A retrospective study has indicated that although the majority of out-of-hospital cardiac arrests occur in the evening, in the night, or at the weekend, accessibility to automatic external defibrillators (AEDs) during these times is limited.
Carolina Malta Hansen (Department of Cardiology, Copenhagen University Hospital Gentofte, Denmark) and others write in Circulation that current guidelines recommend that AEDs are placed in areas with a high incidence of cardiac arrest but do not mention how accessible the devices should be. They comment: “Once deployed, AEDs need to be accessible at the right time.” In their study, they performed a retrospective analysis of the time and location of all cardiac arrests in public locations in Copenhagen between 1991 and 2011 and also reviewed the location and accessibility (as identified by the Emergency Dispatch Center) of AEDs on 31st December 2011.
Of 1,864 cardiac arrests that occurred during the study time period, 61.8% occurred on the weekends, in the evenings, or at night time. Malta Hansen et al note that similar to the arrests that occurred during the day, 27.5% of these events occurred within 100 metres of an AED. They add: “Assuming all AEDs were accessible 24 hours a day, seven days a week, nearly 30% of all historic cardiac arrests in public locations could be reached by an AED within a few minutes on weekdays and weekends.”
However, while most AEDs were accessible during daytime on weekdays, only 9.1% were accessible 24 hours a day, seven days a week. The authors report: “When AED accessibility and time of historic cardiac arrest were taken into account, AED coverage of cardiac arrest was 29.8% for those occurring the daytime on weekdays, but only 12.9% for cardiac arrests occurring during the evening, night time or weekends.” Of the 537 cardiac arrests that occurred within 100 metres of an AED device, 180 occurred when there was no access to a device. For these events, the overall loss of AED potential was 33.5% but this rose to 53.4% for events that occurred during evening, night time, or weekends.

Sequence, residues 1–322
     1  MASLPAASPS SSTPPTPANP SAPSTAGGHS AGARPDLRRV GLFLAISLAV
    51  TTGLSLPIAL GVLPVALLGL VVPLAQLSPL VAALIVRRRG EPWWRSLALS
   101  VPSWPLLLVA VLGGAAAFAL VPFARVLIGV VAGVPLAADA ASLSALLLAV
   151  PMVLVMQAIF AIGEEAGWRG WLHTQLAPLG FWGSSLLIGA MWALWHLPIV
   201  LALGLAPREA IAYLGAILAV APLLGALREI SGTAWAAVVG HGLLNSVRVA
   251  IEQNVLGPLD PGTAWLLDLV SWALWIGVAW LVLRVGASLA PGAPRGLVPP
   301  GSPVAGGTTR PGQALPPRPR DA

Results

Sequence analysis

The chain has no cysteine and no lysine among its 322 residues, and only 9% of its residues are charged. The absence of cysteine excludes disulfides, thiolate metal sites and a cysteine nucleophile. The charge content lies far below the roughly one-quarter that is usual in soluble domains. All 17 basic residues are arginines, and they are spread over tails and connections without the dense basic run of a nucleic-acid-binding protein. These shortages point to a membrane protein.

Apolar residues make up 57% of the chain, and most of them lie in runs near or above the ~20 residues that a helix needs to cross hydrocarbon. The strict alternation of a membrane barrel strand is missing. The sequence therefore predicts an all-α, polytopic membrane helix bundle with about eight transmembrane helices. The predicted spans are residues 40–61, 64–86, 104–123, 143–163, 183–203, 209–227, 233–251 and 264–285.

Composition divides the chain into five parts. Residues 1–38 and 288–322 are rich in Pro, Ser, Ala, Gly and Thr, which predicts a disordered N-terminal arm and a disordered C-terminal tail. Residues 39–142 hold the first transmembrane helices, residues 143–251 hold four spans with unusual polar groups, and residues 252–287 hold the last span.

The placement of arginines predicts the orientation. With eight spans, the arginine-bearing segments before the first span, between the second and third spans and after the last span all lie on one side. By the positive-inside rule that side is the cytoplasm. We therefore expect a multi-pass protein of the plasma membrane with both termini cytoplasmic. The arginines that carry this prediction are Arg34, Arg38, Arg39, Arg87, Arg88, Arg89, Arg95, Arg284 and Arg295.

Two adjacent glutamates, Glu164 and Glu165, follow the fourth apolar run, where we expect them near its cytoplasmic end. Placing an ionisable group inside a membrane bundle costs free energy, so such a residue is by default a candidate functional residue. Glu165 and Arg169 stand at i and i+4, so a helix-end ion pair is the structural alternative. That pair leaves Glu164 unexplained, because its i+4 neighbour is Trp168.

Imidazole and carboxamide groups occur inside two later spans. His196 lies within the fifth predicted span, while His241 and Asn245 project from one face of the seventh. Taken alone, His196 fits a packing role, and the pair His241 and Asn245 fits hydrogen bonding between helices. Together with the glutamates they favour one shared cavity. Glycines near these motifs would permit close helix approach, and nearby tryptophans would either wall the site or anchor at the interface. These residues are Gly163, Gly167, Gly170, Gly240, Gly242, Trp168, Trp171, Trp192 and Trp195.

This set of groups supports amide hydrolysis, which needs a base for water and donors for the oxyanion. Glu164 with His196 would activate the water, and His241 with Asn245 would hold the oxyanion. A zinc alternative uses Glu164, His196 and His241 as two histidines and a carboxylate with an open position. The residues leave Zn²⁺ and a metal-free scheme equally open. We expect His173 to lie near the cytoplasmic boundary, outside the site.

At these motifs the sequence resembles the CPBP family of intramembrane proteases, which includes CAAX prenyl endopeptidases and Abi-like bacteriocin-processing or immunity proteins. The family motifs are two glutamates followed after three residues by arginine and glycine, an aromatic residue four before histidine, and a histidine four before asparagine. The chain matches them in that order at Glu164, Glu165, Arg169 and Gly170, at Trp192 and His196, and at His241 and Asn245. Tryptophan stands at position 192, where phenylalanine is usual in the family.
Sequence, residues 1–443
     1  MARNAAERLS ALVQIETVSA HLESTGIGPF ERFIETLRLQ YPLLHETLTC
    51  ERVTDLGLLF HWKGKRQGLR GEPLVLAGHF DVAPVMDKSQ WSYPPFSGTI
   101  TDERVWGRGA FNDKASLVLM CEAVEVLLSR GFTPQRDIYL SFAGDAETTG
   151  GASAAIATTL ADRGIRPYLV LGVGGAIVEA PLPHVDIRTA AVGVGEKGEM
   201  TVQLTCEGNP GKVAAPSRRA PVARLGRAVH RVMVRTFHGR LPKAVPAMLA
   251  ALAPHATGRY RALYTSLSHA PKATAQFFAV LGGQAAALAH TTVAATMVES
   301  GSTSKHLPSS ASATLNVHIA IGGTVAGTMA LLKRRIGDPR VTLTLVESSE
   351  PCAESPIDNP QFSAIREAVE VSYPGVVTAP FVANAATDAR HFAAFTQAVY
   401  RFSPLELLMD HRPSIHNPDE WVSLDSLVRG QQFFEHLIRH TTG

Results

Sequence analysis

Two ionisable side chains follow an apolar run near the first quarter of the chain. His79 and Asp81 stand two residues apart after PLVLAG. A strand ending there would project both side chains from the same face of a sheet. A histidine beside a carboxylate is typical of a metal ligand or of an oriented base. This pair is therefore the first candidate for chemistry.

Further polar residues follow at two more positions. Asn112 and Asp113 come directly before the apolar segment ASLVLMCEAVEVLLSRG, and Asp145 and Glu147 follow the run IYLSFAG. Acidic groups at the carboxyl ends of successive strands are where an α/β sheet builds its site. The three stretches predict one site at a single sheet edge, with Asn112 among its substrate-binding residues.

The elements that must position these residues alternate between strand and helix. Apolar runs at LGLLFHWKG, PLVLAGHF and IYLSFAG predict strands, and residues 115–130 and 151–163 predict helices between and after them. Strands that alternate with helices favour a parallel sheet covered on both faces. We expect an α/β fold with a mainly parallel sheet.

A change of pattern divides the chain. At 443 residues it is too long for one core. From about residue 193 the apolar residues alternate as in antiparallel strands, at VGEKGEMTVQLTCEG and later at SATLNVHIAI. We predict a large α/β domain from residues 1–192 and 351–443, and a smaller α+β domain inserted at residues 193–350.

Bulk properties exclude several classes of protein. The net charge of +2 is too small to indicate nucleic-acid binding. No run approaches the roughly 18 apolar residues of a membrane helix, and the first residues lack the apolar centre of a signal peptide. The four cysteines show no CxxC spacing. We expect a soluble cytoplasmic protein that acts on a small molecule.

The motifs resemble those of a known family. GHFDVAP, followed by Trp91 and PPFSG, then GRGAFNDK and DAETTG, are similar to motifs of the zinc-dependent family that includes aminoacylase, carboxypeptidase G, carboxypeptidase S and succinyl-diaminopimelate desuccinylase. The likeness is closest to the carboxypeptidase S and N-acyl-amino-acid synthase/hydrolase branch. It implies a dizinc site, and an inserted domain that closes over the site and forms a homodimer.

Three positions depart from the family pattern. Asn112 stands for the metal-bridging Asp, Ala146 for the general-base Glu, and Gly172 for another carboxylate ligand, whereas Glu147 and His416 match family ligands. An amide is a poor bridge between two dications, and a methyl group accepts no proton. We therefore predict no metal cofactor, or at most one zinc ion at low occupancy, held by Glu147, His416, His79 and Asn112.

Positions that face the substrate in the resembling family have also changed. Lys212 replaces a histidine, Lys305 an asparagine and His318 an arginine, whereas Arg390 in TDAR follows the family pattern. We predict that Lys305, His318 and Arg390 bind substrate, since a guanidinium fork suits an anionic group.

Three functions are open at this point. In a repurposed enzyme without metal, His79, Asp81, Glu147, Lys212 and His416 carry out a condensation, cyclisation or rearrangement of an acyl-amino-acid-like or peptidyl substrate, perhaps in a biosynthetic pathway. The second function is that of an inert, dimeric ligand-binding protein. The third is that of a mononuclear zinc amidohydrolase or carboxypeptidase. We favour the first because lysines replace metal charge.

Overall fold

According to Malta Hansen et al, their findings indicated that “limited AED accessibility is a major limitation to AEDs’ potential in community settings.” They add that different approaches should be considered to promote an increase in AED accessibility and thus facilitate its use. The authors suggest that such approaches could include using multimedia campaigns to raise awareness of the problem of limited AED accessibility, ensuring Danish recommendations to provide AED accessibility 24 hours a day, seven days a week in municipal or governmental buildings are strictly followed, identifying areas with a high incidence of cardiac arrests where 24/7 AED coverage is not available, and placing AEDs in vending machines or protective cabinets in strategic locations.
Malta Hansen told Cardiovascular News: “The Danish AED network provides citizens and emergency dispatch centres from the whole country with unique and validated information on AEDs accessible to anyone. However, in order to benefit from this set up, it is necessary that the AEDs are accessible when people need them. Our study shows that it is necessary to remember that cardiac arrests happen at all hours and since AEDs are meant for treating them, they require 24-hour accessibility.”